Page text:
The Czech Republic has lost one of its most respected artists: Adriena Šimotová, who passed away on Monday at the age of 87. Šimotová, who couldn't exhibit officially in Communist Czechoslovakia during the so-called ‘Normalisation period’, went from a classic painter’s approach early in her career to a more abstract but also figurative style, often working with images in fabric or paper.
Adriena Šimotová used paper and fabric – crumpled, ripped and torn, sometimes printing parts of her body, including head and face – to create unforgettable images. Her work is poetic, the tactile manipulation of the paper striking. Fragile, at times brutal, always humanistic. As an artist, ‘touch’ was her single-most defining element. In one of Šimotová’s last interviews, she described why for her it was so important:
“It is my way of communicating. Communication for me is the most important thing, the fact that it is my hand offered - and received – that is the reason I do it.”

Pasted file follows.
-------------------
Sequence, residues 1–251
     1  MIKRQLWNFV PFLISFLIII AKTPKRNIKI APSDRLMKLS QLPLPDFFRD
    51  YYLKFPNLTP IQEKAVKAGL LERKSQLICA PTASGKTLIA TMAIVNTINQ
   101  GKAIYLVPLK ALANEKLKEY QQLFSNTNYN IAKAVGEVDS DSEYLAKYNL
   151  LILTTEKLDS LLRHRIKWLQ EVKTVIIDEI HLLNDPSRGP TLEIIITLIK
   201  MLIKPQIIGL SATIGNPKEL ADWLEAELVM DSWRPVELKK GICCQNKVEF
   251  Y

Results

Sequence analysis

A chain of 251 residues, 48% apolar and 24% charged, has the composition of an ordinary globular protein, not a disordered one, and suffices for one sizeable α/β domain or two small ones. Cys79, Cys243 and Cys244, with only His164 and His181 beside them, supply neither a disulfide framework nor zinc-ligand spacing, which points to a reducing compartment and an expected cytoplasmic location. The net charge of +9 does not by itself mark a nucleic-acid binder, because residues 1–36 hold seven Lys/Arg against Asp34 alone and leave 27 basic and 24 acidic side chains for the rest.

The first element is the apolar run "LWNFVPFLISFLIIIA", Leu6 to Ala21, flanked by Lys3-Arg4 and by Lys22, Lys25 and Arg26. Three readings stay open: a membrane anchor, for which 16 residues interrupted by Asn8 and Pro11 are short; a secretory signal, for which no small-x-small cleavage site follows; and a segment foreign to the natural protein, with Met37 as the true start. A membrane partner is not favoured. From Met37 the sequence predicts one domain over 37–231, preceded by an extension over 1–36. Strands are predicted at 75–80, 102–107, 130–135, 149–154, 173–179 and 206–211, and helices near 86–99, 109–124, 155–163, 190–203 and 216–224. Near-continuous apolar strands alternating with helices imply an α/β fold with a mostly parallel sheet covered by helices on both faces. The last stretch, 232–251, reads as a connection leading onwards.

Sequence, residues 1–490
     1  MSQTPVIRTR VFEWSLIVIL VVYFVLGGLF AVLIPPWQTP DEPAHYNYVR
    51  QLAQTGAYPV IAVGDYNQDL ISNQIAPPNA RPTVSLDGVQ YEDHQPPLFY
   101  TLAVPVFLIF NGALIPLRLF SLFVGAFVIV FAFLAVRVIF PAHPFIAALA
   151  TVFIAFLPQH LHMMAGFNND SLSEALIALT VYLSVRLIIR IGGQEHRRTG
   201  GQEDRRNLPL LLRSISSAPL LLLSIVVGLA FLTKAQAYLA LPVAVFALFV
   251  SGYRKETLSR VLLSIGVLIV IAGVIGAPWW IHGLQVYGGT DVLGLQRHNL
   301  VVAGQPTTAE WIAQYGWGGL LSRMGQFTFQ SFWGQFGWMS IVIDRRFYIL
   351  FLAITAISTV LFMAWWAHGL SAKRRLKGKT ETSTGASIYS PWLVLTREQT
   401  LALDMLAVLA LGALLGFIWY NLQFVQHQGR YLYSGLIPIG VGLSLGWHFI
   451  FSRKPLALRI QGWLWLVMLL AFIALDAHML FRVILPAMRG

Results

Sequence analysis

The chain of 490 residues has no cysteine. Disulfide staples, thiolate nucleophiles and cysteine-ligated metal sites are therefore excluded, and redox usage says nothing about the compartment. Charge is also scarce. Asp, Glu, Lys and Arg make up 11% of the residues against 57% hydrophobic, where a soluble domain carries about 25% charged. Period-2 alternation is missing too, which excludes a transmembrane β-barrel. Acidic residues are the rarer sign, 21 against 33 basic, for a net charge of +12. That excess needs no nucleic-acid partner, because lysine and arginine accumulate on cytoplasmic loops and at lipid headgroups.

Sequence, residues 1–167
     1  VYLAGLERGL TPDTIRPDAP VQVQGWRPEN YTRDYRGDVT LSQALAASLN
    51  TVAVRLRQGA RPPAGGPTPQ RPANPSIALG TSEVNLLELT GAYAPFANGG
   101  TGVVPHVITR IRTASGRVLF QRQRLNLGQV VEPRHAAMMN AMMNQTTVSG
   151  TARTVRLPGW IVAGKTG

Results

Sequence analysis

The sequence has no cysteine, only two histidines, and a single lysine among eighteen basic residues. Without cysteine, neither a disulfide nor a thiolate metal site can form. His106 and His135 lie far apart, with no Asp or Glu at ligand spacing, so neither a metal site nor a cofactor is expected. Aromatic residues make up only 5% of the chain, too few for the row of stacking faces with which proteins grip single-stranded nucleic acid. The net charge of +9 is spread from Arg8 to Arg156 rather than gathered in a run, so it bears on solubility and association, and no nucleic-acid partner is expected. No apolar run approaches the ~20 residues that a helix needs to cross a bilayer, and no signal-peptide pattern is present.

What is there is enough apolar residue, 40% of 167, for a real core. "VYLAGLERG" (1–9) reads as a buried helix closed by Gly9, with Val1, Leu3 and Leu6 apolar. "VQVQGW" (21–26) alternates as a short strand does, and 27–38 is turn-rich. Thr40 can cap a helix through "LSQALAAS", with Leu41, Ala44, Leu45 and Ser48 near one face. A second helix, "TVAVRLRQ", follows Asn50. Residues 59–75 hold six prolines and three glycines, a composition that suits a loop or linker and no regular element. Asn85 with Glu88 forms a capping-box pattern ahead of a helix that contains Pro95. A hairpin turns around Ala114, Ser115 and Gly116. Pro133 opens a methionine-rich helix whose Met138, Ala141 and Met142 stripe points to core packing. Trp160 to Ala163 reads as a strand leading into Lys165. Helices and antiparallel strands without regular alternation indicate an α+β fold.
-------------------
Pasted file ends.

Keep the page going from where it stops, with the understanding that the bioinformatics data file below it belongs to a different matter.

Her curator Pavel Brunclík describes her approach to paper like this:
“She said somewhere that the material was like ‘skin’. It was a material that was very close to what she was looking for… and ideal for what she wanted to express.”
At the same time, she suggested in an interview for Czech TV back in 2001 that she wanted to be remembered for work in other materials as well:
In her final years, Šimotová had to overcome poor health and physical disability to continue working. On the occasion of her 85th birthday she exhibited both older and newer work at Prague’s Kampa Museum together with the Rudolfinium Gallery. Throughout her career, not least after 1989, she exhibited across Europe and is one of the few Czech artists to have her work in the permanent collection at the Centre Georges Pompidou in Paris. In 1991, she received the Ordre des Arts et des Lettres in France and in 1997, the Order of Merit from then-President Václav Havel.